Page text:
All manner of theologians, philosophers, and historians have used more ink and paper than can be weighed to expound upon the incarnation of the Son of God and its implications for humanity. Of those, Johann Gerhard composed, what I believe to be, most remarkable.
“We received more in Christ than we lost in Adam.”
We once possessed perfection. We had God’s definition of good and not good. We lived in relationship with God free of barriers. Of course, that all changed. But the Son of God became incarnate to fix what we broke. He took on flesh in a way we could comprehend and know. So we could, once again live, a barrier-free existence with the creator and sustainer of all things.
Gerhard affirms the purpose for which Christ came: to fulfill the Law and the Prophets (Matthew 5:17); to seek and to save the lost (Luke 19:10). But he teaches us and reminds us that though the Son of God came to restore the righteousness we had lost and reconcile us with God, we received even more than that. More than if we remained perfect. More than had we never fallen.
In Christ, we received a God who is not just with us, but one of us.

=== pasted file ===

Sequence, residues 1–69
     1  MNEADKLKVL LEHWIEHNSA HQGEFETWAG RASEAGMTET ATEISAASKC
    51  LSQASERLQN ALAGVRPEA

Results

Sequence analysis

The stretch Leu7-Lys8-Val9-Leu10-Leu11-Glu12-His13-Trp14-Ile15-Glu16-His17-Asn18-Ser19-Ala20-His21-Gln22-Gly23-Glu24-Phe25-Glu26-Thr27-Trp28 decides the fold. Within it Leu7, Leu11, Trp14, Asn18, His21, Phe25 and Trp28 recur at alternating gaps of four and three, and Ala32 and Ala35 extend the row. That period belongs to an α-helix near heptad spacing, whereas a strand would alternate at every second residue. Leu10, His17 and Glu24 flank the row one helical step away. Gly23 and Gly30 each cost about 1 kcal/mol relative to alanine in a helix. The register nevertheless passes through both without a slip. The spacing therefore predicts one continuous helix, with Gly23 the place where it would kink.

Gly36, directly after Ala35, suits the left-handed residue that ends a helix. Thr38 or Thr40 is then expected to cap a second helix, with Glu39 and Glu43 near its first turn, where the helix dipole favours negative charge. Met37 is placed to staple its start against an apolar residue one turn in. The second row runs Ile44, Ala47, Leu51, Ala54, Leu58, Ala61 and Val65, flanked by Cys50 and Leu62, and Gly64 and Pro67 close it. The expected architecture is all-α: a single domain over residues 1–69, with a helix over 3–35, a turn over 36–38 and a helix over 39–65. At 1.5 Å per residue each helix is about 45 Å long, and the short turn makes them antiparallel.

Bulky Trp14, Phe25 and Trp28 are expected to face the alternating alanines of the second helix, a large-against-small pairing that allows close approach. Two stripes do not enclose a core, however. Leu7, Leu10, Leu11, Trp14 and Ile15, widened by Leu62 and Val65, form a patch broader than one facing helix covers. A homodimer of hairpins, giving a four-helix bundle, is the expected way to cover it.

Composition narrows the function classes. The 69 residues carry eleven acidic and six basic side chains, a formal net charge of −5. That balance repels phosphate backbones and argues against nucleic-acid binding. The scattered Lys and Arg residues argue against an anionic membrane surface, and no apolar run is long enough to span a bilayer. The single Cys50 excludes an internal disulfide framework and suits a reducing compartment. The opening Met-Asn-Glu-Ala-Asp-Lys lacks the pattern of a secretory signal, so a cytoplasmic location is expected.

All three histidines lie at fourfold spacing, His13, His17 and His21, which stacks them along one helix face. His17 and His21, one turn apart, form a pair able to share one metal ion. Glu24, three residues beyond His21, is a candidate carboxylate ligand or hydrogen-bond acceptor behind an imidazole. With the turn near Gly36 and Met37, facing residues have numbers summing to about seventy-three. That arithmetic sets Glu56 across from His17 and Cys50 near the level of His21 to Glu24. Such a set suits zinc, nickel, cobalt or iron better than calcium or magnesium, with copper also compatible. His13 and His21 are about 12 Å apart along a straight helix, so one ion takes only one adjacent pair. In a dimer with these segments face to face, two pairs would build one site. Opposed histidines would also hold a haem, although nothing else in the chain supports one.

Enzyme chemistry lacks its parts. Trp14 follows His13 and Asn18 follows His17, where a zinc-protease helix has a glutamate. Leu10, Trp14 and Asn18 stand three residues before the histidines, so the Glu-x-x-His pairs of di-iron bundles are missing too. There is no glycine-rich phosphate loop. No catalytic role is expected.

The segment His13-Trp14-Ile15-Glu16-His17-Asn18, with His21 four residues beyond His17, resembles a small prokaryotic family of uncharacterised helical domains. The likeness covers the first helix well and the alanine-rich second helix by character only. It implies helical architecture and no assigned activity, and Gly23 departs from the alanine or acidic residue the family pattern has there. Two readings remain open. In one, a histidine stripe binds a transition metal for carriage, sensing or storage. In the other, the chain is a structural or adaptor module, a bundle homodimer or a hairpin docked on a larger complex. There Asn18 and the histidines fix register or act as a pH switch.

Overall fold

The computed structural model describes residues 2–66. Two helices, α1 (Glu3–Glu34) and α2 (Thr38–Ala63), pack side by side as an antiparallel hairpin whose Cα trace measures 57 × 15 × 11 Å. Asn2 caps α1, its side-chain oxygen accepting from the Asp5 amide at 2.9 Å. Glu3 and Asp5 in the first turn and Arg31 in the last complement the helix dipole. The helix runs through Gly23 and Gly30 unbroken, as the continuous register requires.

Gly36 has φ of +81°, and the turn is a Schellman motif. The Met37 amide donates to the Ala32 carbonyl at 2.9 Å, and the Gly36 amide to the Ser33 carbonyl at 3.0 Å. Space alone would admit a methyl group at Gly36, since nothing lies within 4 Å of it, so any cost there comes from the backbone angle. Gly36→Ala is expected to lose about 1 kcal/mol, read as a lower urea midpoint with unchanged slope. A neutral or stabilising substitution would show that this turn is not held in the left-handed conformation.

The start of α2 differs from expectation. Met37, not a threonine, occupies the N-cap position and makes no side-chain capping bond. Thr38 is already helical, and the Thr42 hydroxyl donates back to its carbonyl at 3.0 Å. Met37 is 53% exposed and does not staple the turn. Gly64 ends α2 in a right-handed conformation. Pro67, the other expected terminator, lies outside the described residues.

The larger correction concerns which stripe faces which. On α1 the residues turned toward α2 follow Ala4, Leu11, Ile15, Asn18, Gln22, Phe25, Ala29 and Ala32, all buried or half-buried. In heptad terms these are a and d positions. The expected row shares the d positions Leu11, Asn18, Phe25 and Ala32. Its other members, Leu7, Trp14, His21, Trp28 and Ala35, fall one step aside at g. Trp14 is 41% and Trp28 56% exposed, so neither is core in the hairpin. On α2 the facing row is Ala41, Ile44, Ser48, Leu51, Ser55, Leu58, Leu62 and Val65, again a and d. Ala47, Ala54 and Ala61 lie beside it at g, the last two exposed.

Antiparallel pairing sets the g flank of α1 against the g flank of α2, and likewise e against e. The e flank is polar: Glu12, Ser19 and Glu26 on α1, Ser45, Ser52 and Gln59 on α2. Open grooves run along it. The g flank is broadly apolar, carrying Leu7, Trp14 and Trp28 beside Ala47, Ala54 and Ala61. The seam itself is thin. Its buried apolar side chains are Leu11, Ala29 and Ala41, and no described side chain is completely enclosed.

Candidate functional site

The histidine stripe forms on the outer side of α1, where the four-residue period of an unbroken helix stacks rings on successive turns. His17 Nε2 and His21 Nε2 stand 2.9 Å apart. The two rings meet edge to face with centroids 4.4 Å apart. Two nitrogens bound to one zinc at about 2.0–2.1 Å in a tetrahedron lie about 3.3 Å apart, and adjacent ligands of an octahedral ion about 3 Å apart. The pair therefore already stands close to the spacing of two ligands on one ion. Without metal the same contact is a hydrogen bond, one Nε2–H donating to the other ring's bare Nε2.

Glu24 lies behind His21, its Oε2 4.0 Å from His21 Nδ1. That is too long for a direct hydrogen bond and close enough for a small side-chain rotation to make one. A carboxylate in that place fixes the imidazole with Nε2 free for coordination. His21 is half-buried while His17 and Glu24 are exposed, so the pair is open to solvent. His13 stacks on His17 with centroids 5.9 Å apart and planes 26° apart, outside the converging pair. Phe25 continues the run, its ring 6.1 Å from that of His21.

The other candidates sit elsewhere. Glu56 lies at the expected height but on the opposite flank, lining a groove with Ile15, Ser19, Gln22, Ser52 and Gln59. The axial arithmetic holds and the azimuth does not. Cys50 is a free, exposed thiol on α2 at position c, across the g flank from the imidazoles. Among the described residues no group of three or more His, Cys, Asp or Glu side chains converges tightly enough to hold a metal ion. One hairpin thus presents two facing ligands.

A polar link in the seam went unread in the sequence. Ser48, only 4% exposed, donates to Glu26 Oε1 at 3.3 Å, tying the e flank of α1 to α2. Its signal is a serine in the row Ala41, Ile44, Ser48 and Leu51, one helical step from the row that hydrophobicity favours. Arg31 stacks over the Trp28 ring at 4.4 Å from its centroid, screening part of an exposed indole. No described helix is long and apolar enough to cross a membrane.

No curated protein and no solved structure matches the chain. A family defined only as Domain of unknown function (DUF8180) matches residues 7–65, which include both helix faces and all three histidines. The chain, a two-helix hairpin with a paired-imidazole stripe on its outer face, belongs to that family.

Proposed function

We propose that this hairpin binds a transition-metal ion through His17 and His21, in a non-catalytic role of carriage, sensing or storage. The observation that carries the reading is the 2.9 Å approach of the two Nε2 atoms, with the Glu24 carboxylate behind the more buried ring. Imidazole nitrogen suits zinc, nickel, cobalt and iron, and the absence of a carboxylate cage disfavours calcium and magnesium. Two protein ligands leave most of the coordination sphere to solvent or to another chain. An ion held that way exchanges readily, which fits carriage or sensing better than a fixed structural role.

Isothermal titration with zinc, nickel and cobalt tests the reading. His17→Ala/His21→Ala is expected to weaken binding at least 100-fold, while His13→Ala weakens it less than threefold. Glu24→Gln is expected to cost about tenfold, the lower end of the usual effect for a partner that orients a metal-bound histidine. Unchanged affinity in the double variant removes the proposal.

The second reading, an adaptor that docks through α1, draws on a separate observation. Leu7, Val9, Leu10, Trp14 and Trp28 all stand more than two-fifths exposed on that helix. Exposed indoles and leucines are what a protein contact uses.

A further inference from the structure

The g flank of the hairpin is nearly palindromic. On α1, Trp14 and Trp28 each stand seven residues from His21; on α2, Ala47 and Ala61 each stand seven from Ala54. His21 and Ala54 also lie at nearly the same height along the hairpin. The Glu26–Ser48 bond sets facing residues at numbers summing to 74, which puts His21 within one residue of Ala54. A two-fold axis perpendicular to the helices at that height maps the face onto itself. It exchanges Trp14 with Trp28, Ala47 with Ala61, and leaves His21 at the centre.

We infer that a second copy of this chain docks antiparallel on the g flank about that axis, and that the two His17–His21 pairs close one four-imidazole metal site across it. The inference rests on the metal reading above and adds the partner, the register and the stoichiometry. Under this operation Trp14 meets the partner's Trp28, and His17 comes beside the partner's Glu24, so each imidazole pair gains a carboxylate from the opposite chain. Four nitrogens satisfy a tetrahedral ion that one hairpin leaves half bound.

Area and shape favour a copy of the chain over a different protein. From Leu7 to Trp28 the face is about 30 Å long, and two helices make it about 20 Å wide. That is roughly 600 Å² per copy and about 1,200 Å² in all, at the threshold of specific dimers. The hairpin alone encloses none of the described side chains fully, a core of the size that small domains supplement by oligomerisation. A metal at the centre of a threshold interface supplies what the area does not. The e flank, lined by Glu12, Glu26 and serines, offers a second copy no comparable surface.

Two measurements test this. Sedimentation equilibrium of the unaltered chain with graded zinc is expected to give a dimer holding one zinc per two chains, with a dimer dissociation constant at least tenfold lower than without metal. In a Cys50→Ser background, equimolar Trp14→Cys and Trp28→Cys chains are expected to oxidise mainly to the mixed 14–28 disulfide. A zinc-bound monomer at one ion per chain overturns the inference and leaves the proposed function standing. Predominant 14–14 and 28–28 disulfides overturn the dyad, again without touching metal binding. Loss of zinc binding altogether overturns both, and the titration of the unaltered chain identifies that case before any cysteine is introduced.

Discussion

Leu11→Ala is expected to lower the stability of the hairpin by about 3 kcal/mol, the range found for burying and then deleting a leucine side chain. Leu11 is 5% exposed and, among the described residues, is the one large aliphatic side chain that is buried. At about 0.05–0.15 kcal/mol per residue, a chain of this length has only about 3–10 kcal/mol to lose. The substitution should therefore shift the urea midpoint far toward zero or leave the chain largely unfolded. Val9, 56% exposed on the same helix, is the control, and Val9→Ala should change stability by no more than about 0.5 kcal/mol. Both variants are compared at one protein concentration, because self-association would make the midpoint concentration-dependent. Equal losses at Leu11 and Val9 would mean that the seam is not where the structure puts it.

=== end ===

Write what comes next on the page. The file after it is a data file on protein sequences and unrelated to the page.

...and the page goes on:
By the Son’s incarnation, we received a God who shared in our every need. Food, clothing, shelter, and safety. He learned how to walk and how to work. He smelled. Dirt clung to him. He washed his hands and his body. He both stopped the wind on the Sea of Galilee and broke wind. He defecated. He slept, rested, and sought out solitude. He needed to be in relationship; to love and be loved.
By Christ’s incarnation we also received a God who shared in our joys. He laughed. He conversed. He shared experiences in friendship. He attended weddings and festivals. He feasted and drank in celebration.
Greatest of all, we received a God who shared in our suffering. He felt compassion for the hurting. Sadness in loss. He wept. He felt the sting of rejection and the bite of betrayal. He felt breathless as he slowly suffocated. Dizzy from losing blood from the holes in his hands and feet. Weak from a tortured body, ripped and torn flesh on his back.
The incarnate Christ shared in our suffering in a way more painful than we could fathom. He suffered the greatest injustice as one innocent condemned to die in place of the guilty. He felt the weight of sin and guilt, of the world’s sin and guilt, as he hung on the cross. He experienced the agony of cosmic rejection.
God created humanity in his image and then inhabited that image. Not just for 33 years, but for eternity thereafter. Jesus did not shed his humanity as he ascended into heaven. He kept it. Christ took on the flesh and blood of humanity and then took that flesh and blood to the throne of God. As the lamb who was slaughter to purchase us with his blood, he alone is worthy to sit upon it. There he reigns not only as the image of the invisible God, but as the image-bearer of redeemed and restored humanity, now and forevermore.
That is truly more than what we could have ever received from Adam.